From the manual:
|Frequency Readout||Analog dial.|
|Readout Accuracy||5 kHz divisions.|
|VFO Frequency Tuning Bandwidth||250 kHz minimum.|
|Tuning Backlash||Less than 100 Hz.|
|Frequency Tuning Rate||Approximately 40 kHz per knob revolution.|
|Frequency Coverage||3.5 MHz - 3.75 MHz.|
7.0 MHz - 7.25 MHz.
*10.0 MHz - 10.25 MHz.
14.0 MHz - 14.25 MHz.
*18.0 MHz - 18.25 MHz.
21.0 - 21.25 MHz.
*24.750 - 25.0 MHz.
*28.0 MHz - 28.25 MHz.
|Frequency Stability||Typically less than 500 Hz pr hour after a 30-minute warm-up. Typically less than 150 Hz pr 30 minutes after a 90-minute warm-up.|
|Power Requirements||11 - 16 VDC at 1 ampere (12.6 V specified).|
|Operating Temperature Range||0° to 40° C. All specifications referenced to 12.6 VDC at 25° C.|
|Front Panel Meter||Relative S-units in receive, relative power in trasmit.|
|Modes - Transmit/receive||CW only.|
|Front Panel Controls||AF Gain with power off/on, Band switch, RIT control, Audio Filter wide/narrow, CW Level (drive), Main Tuning.|
|Rear Panel Connections||DC Power, Speaker, Headphones, Antenna, Key, Ground.|
|Optional Accessories||Model PSA-9 Accessory Power Supply|
Model HWA-9 Accessory Band Pack
|Dimensions||4-1/4" H x 9-1/4" W x 8-1/2" D (10.8 x 23.5 x 21.6 cm).|
|Weight||4.7 lbs (2.1 kg).|
|* WARC bands are part of the Model HWA-9 Accessory|
|Sensitivity||Less than .5 uV for 10 dB S+N/N. Less than .2 uV for readable signal.|
|Selectivity, CW Audio Filter||Narrow - 250 Hz maximum at 6 dB.|
Wide - 1 kHz maximum at 6 dB.
|Passband Center Frequency||700 Hz (approximate).|
|Audio Output||1 watt into 8-ohm load.|
|Dynamic Range||85 dB, measured in the Narrow filter mode.|
|Image Rejection||60 dB minimum.|
|IF Rejection||60 dB minimum.|
|Internally Generated In-Band Spurious||Typically below 2 uV except at 3.695, 7.166, 10.150, 14.041, 14.083, 21.195, 21.249, 28.089, and 28.093 MHz.|
|Audio Hum and Noise||At least 60 dB below maximum output|
|RIT||± 1 kHz|
|RF Output Power||CW, 4 watts on all bands except 3 watts on 10 meters.|
|Transmitter Frequency Offset||700 Hz higher on all bands (approximate).|
|Antenna Load Impedence||At least 90% of rated power with less than 2:1 SWR. Protected against high SWR.|
|Harmonic Radiation||-35 dB minimum, at rated output.|
|Spurious Radiation||-40 dB minimum, at rated output.|
|T/R Operation||CW: Full break-in.|
|CW Sidetone||700 Hz (approximate) to speaker or headphones. Output level internally adjustable.|
The HW-9 was the third and final QRP transceiver offered by Heathkit. It replaced the HW-8 and was first offered in 1984 and remained available until the end of amateur radio kit production by Heathkit in 1991. The HW-9 was the same size as the HW-7 and HW-8 but inside the chassis was a complete redesign. Whereas the earlier rigs featured direct-conversion receivers, the HW-9 featured a super-heterodyne receiver with balanced mixer and broadband design. The basic HW-9 covered the lower 250 kHz of the 80, 40, 20, and 15 meter bands, but an upgrade kit was available to add coverage of the 30, 17, and 12 meter WARC bands and the 10 meter band. On the transmit side, the HW-9 offered full break-in CW (QSK) and output of at least four watts on all bands but 10 meters. The cost of the basic HW-9 (without band-pack) was $249.95.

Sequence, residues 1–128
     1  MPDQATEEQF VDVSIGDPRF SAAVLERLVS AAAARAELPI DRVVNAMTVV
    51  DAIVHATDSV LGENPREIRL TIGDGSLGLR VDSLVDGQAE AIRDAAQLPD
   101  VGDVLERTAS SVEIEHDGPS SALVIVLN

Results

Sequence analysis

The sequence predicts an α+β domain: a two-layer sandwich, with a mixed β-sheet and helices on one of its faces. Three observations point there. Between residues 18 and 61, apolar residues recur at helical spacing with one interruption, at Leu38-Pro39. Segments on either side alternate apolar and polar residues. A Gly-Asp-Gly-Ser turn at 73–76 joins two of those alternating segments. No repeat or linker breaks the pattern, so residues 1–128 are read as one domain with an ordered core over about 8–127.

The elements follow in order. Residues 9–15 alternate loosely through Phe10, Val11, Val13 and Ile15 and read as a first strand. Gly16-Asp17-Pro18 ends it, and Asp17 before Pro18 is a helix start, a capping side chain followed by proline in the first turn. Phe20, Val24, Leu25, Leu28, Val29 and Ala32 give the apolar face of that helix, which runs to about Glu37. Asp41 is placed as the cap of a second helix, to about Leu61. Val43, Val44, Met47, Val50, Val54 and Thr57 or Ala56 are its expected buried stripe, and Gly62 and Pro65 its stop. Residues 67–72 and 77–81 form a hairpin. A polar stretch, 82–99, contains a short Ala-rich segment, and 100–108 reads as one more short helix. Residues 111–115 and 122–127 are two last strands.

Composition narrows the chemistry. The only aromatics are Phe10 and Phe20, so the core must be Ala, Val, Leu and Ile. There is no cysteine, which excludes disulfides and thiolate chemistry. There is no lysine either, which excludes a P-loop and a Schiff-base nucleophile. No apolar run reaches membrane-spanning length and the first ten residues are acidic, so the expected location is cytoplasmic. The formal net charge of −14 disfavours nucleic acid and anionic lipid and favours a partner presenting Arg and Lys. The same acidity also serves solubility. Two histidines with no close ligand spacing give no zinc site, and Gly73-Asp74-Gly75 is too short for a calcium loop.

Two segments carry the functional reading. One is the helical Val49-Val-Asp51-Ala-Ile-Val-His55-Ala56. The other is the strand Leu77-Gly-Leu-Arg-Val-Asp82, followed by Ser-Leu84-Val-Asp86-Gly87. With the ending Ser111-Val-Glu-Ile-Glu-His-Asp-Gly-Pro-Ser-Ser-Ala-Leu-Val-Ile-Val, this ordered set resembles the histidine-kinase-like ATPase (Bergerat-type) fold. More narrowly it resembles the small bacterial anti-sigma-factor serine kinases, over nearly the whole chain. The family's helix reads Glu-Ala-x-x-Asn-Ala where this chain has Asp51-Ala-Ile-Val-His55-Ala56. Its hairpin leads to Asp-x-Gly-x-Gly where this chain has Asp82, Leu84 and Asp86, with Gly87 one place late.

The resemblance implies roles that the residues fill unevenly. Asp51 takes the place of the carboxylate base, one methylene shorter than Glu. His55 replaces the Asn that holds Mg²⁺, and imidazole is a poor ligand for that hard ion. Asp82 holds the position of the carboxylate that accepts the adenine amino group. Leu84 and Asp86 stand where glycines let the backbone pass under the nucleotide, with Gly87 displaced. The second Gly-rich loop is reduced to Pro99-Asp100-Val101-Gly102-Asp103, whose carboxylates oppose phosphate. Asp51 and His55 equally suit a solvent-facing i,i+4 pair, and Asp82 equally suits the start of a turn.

I purchased my HW-9 in May, 2007. Unfortunately, the very first time I hooked it up to a battery to verify operation, I discovered the hard way that the builder had installed the rear-panel two-pin Molex power connector backwards so that the silk-screened "+" on the cabinet was actually over the negative terminal. This application of reverse polarity resulted in a blown fuse on the battery lead, two blown final transistors, and a shorted zener diode. While repairing the rig, I also corrected the the power socket orientation so this problem won't happen again.
A previous owner had installed a commercial open-frame power supply in a Heathkit SP-99 speaker cabinet. (The SP-99 was designed for use with the HW-99 Novice transceiver. The HW-99 was slightly larger than the HW-9 but had the same color-scheme and looked similar; the SP-99 is slightly taller than the HW-9.) I also have an Optimus XT 3 speaker that I use with the HW-9. The XT 3 just about the perfect size to sit next to the HW-9, and the woodgrain sides and black grill look very good are a very nice match to the HW-9's two-tone brown coloring.
I have the matching HM-9 SWR Bridge/Power Meter. I am watching for the matching HFT-9 Antenna Tuner, just to complete the set.
I'm not entirely satisfied with the receiver in my HW-9--strong signals outside the audio passband cause very bad AGC pumping. In the HW-8 Handbook Cam Hartford, N6GA, found that the IF filter supplied by Heathkit has a bandwidth of about 3kHz. He replaced the IF filter with a 450Hz unit he built himself. (See page 90 in HW-8 Handbook, Second Edition.)
An extremely useful reference on the HW-9 is Michael Bryce's HW-8 Handbook, Second Edition. This book provides circuit descriptions, schematics, board layouts, alignment instructions, Heathkit service bulletins, and modifications for the HW-7, HW-8, and HW-9. It is available at Michael Bryce's The Heathkit Shop, at Kanga, USA, and at QRP ARCI. The older, First Edition, HW-8 Handbook has modifications for the HW-7, HW-8, and HW-9 but lacks the other valuable content.
Attribution: "HW-9 & Accessories" ad found on eBay auction of HW-9, HM-9, and HFT-9A.